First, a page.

The latest insights from the YouthSave Consortium shed new light on this question and aim to highlight the importance of enabling youth to take ownership of their futures. The YouthSave Consortium – an initiative led by Save the Children in partnership with the Center for Social Development (CSD), New America Foundation, and CGAP, along with several research and financial institutions partners in the field – is working to test the viability and impacts of savings products on low-income youth in Colombia, Ghana, Kenya, and Nepal.
UN Capital Development Fund (UNCDF)
Given the increasing youth population in developing countries, the high levels of youth unemployment and limited economic opportunities for youth, governments are increasingly looking for proactive approaches to help youth realize their full economic potential. Increased access to financial services and increased financial capability to use those services effectively to invest in their education, enterprises, and futures may provide that beacon. Yet youth face many barriers in accessing financial services, including restrictions in the legal and regulatory environment, inappropriate and inaccessible products and services and low financial capability. The public policy opportunity—and imperative—is evident.
The MasterCard Foundation
Watch Deepali Khanna's presentation during the 2012 Global Youth Economic Opportunities Conference's closing plenary session, "How Can You Partner with Funders." Khanna, Director of Youth Learning at The MasterCard Foundation, focuses on the need to find more ways to scale up projects and demonstrate collective impact. She discusses the importance of youth financial services and emphasizes the need for access to savings, credit, and comprehensive employment models.
Population Council and MicroSave Consulting Limited
Originally written in 2009, this 2012 case study details the product development cycle that four financial institutions undertook in Kenya and Uganda to develop and deliver critical financial services to adolescent girls. New highlights include robust market research results from both countries and key steps taken to replicate the model in Zambia.
Kathmandu, located high in the Himalayas in a bowl-shaped valley in central Nepal, recently provided a dramatic setting for the first of four training sessions on youth financial services provided as part of SEEP’s Reaching Scale in Youth Financial Services Practitioner Learning Program (PLP), which started 2.5 years ago.
MIF and PROBIDE
Financing Youth Entrepreneurship through Loan Guarantees was presented at the 2012 Global Youth Economic Opportunities Conference under the Financial Services and Capabilities track. Nobu Otsuka and Daniel Canseco summarize PROBIDE's loan guarantee fund. Once young entrepreneurs are trained and ready to implement their business plans, they face a major challenge: access to finance. They need small loans (not micro) and long-term finance, but a lack of collateral and credit history causes a bottleneck.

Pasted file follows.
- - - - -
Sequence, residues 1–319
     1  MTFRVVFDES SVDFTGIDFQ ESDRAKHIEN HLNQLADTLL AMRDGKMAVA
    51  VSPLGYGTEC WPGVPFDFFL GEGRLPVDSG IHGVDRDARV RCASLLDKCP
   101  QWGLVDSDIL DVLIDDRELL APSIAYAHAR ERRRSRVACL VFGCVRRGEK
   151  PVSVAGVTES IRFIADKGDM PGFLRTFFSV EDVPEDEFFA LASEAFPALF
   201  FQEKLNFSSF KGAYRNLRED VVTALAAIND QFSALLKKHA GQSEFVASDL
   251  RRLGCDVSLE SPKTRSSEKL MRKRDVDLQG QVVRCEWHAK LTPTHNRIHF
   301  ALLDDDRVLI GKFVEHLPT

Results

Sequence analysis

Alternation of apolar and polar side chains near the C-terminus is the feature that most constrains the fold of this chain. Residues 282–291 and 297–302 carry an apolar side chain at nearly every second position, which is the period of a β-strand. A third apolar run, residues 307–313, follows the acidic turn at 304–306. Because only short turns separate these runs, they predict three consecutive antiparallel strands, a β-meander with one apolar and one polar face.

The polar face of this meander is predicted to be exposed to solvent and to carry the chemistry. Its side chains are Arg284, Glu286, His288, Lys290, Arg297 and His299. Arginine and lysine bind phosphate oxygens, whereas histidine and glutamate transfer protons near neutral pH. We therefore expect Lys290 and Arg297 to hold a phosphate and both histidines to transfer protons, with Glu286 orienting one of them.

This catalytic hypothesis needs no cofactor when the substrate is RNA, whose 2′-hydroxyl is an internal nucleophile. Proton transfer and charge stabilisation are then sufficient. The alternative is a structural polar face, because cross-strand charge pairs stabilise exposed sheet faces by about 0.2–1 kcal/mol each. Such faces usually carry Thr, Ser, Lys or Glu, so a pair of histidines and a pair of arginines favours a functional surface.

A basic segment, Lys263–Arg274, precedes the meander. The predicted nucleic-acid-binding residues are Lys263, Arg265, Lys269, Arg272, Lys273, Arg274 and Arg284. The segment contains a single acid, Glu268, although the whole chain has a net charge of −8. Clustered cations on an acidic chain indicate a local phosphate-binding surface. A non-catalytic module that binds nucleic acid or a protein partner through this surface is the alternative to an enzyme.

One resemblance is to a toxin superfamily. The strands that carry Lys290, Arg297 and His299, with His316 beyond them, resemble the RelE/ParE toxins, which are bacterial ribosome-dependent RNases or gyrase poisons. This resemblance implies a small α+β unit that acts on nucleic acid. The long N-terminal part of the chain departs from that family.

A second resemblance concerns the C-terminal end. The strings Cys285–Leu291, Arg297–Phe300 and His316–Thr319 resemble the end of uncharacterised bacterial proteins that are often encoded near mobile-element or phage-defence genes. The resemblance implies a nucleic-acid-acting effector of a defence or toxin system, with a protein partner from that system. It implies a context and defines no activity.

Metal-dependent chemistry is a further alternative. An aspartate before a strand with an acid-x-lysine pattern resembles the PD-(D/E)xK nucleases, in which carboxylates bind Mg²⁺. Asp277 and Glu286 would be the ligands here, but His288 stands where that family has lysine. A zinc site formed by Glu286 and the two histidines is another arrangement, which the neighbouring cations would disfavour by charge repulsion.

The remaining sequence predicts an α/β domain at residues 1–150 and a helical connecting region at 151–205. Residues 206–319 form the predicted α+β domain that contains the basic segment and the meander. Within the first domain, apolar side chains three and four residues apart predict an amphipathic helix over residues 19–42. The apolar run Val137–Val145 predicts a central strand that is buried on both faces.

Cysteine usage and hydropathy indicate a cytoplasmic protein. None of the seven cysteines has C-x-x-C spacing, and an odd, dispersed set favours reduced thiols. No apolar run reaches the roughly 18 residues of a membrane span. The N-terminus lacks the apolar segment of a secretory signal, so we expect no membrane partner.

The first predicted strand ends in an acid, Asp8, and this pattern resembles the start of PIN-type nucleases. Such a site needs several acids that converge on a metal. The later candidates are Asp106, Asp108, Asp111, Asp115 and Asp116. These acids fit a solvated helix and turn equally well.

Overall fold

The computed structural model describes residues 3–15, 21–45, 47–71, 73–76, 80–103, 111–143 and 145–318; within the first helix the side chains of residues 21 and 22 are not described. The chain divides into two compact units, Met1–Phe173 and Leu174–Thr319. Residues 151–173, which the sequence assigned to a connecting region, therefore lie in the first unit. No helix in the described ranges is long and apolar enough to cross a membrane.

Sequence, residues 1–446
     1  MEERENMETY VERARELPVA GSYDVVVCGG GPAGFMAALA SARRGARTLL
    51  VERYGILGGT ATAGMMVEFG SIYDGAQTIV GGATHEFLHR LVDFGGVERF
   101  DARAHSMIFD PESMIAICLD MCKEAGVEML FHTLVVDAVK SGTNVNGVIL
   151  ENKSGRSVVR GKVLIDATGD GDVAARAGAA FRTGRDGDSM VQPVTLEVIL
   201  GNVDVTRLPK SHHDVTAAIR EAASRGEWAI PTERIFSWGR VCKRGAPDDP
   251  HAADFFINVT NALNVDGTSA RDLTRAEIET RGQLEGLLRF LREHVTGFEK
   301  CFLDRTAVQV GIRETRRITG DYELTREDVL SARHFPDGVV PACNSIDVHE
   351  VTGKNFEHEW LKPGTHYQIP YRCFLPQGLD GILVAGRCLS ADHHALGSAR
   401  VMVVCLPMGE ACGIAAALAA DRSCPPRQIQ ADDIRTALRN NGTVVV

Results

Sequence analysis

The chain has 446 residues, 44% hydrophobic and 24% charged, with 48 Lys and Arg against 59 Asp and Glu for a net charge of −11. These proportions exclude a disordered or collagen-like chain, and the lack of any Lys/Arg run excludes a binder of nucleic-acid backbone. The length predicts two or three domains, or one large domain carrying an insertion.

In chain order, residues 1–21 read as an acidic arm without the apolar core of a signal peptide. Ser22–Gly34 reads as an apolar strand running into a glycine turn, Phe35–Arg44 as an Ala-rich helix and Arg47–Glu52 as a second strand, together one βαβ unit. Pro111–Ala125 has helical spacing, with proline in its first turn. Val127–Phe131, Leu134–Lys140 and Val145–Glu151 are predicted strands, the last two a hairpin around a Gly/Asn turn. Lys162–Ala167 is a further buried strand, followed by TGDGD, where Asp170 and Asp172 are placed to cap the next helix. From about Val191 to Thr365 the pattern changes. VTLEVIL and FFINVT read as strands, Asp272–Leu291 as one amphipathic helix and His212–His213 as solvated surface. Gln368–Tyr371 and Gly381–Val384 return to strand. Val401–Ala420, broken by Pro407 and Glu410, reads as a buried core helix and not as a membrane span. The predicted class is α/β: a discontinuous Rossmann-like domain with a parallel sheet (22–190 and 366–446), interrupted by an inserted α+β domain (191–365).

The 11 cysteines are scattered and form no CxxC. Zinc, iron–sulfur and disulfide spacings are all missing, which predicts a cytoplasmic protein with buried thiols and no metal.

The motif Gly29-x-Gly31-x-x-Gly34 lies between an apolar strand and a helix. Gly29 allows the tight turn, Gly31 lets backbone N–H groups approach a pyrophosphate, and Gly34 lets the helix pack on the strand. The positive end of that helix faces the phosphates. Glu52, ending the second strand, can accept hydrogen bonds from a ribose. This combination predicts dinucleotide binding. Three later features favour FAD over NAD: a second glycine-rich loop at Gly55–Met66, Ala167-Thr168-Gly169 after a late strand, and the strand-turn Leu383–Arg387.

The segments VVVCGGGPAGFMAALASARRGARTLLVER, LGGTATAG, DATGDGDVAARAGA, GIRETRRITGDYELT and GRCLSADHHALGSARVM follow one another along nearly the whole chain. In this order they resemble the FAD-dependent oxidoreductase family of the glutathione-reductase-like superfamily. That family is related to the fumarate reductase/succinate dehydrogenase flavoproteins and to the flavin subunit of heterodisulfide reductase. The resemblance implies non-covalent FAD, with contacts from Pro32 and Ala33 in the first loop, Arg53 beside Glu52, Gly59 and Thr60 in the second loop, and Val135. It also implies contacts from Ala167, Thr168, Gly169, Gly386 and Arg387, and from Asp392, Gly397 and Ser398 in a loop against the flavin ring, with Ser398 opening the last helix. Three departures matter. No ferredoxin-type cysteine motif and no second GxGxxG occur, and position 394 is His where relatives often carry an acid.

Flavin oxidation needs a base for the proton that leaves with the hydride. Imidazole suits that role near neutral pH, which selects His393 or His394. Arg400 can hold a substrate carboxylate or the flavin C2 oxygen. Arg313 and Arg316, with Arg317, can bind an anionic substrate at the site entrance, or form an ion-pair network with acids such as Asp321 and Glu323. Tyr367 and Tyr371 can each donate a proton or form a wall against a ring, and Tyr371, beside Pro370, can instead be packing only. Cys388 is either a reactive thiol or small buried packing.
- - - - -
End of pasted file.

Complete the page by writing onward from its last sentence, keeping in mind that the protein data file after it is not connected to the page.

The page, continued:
The MIF/IDB share an in depth analysis of the financials of the PROBIDE loan guarantee performance and how they compare to other types of financing mechanisms. Loan Guarantees: An Effective Instrument for Youth Start-ups? was presented at the 2012 Global Youth Economic Opportunities Conference under the Financial Services and Capabilities track.
PROBIDE and MIF
“Creer para Crear” An opportunity for the youth of Peru was presented by Daniel Canseco Terry at the 2012 Global Youth Economic Opportunities Conference under the Financial Services and Capabilities track. Despite advancements in youth financial services, the lack of collateral remains a key constraint for youth to access credit. Through a loan guarantee fund, PROBIDE, a Peruvian NGO, has taken on the challenge of providing long-term financing for youth start-ups.
Fundacion Paraguaya and Making Cents International
Building a Future Together: Targeting Young Clients at Fundacion Paraguaya was presented under the Financial Services and Capabilities track at the 2012 Global Youth Economic Opportunities Conference. The possibilities for a long-term relationship with a huge new market of under-banked clients is perhaps one of the most compelling reasons to enter the youth market. Relatively few MFIs target youth or provide them with microloans. Usually, youth clients are considered riskier because they are less experienced in business.
Making Cents International
What are the Goal Posts? In Search of a Business Case for Youth Financial Services was presented under the Financial Services and Capabilities track at the 2012 Global Youth Economic Opportunities Conference. As the youth financial services industry continues to grow, key stakeholder groups are increasingly examining issues of sustainability and whether a business case exists for offering products to young people.